Very few modern pop artists have managed to delight, infuriate, intrigue and provoke quite so consistently as Elvis Costello over the last three decades. Perhaps only Dylan, Morrison and Young can boast quite such a catalogue of complexity and yet still he continues to rage against the complacency of so much modern popular music and to refuse to stand still.
Last night, accompanied just by Steve Nieve on the keyboards as he was at the Apollo several months ago, Costello proceeded to gleefully reinvent vast chunks of his back catalogue whilst also treating us to a bevy of new material from the numerous projects he's currently working on. This included a songcycle called The Delivery Man, a film called Prison Song and some plain and simple new songs.
Typically, Costello took the stage in semi-darkness, laying into a raucously confrontational affair called "Alibi."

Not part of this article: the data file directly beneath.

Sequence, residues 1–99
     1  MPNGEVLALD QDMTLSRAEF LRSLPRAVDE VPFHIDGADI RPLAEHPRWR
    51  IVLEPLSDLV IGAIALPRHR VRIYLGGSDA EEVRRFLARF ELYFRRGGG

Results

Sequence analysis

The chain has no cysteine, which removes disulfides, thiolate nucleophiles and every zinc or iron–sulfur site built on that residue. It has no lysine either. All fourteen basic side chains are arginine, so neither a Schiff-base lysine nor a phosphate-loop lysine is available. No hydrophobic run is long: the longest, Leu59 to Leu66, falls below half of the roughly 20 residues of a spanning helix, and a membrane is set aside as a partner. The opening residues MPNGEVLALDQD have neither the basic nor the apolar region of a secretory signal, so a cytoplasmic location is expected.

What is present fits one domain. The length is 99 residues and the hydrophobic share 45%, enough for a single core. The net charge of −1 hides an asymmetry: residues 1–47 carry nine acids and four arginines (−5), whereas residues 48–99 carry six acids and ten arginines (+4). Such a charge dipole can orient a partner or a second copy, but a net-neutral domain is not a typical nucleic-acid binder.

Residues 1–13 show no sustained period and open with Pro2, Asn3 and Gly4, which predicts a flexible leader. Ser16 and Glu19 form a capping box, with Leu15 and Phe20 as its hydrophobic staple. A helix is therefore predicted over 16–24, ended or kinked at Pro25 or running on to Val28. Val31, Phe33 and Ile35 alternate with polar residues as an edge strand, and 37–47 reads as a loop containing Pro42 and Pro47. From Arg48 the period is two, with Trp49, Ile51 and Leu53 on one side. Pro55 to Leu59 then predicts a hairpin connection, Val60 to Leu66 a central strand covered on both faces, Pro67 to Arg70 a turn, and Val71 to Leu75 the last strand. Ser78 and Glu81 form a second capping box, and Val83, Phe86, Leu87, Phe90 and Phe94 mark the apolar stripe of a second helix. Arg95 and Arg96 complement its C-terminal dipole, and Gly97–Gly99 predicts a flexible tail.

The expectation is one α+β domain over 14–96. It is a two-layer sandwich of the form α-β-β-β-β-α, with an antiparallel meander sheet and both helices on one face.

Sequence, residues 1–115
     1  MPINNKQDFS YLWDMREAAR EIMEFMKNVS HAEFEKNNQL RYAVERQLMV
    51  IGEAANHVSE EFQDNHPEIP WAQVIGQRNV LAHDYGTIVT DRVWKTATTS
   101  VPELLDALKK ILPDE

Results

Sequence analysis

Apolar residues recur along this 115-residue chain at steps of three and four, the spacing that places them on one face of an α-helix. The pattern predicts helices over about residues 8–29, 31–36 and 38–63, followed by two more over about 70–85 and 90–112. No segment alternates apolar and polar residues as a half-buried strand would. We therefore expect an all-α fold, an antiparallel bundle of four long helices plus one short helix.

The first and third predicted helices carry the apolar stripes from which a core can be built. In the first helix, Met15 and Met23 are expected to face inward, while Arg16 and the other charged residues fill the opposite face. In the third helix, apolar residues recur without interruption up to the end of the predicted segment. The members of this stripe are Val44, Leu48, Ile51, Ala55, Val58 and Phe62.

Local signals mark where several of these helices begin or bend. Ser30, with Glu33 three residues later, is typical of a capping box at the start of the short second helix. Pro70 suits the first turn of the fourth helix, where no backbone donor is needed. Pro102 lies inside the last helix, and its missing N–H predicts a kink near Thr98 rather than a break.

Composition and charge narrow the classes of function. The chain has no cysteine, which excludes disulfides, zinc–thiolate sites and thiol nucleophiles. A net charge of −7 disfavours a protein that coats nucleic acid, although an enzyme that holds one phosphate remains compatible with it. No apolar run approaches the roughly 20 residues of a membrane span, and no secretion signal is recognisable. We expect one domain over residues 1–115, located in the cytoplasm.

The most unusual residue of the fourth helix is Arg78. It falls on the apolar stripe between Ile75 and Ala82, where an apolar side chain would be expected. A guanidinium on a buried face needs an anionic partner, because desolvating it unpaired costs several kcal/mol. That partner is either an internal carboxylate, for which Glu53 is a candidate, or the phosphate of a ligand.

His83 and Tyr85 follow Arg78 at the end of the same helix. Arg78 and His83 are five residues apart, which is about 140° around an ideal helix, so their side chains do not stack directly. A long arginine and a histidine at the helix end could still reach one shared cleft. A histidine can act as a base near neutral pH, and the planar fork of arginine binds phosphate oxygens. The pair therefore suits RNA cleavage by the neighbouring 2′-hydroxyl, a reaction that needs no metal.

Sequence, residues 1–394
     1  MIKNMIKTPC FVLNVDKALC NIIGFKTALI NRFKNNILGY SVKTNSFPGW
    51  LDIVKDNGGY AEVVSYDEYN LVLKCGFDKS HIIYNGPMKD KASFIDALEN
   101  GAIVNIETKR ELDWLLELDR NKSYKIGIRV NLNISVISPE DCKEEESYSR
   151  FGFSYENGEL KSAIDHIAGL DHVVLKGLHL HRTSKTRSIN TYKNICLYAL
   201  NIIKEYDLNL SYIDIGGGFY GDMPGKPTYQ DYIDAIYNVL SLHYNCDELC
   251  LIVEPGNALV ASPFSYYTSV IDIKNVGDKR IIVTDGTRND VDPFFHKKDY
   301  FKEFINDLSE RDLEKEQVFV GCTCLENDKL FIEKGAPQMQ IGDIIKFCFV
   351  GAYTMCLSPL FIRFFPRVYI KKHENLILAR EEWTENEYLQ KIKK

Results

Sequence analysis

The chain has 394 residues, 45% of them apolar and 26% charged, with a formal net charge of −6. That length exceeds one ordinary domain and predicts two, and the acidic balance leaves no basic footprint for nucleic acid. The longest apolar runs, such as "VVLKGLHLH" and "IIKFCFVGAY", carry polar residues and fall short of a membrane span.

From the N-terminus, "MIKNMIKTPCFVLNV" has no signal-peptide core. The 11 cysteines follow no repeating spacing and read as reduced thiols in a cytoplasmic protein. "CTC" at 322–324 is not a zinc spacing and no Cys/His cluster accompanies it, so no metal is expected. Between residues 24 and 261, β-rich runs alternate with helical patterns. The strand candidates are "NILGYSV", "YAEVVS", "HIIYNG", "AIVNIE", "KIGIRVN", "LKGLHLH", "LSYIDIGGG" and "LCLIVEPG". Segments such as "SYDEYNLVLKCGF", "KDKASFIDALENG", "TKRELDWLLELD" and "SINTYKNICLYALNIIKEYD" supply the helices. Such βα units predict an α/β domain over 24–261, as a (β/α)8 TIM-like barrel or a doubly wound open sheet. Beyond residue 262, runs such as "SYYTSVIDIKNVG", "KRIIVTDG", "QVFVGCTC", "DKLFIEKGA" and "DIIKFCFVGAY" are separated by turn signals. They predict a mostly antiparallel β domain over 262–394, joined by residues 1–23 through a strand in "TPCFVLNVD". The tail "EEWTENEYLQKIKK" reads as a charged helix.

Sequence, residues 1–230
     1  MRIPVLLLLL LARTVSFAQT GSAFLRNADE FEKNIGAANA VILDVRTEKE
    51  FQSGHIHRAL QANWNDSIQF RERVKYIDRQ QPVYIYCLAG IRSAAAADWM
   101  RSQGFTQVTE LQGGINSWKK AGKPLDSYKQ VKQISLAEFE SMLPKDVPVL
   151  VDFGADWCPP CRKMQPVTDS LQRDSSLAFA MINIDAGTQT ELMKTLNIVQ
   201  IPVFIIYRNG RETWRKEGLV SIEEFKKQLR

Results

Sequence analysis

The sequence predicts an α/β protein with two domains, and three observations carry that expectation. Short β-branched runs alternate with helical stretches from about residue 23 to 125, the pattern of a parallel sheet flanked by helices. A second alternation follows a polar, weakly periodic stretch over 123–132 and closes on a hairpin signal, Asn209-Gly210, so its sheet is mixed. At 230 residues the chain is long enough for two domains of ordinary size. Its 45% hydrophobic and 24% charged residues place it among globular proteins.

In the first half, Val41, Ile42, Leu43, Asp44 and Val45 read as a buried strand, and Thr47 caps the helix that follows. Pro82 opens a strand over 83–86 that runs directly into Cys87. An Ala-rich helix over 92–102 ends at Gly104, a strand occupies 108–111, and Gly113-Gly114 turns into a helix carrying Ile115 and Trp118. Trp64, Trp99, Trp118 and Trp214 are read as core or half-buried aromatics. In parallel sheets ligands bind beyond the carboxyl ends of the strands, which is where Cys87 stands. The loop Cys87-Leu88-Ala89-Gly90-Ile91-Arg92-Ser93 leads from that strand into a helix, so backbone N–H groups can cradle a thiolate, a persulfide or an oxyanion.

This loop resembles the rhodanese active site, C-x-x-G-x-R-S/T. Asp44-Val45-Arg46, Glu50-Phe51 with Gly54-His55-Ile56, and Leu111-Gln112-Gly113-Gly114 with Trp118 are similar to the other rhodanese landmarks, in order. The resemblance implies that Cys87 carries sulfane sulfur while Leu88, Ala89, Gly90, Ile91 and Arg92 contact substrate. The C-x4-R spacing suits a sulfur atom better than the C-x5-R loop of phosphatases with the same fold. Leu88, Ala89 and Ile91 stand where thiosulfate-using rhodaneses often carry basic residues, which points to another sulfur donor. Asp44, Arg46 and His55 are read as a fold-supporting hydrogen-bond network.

Costello and Nieve stunned the audience again with a relatively familiar tune, the "Man Out Of Time" from his lush Imperial Bedroom period, remodelled and stripped back to a state where it resembled nothing so much as the spooky sort of thing you might expect to hear accompanying an old black and white film chiller.
So it continued, with the audience not so much comforted by a stroll through some familiar favourites from Costello's older albums as expected to engage with those songs quite as vigorously as the artist himself seems determined to do.
This approach could only too easily have antagonised but was accomplished instead with such a likeably self-deprecating and good humoured attitude that Elvis emerged unbowed and triumphant.
His aim, it seems clear, is still true.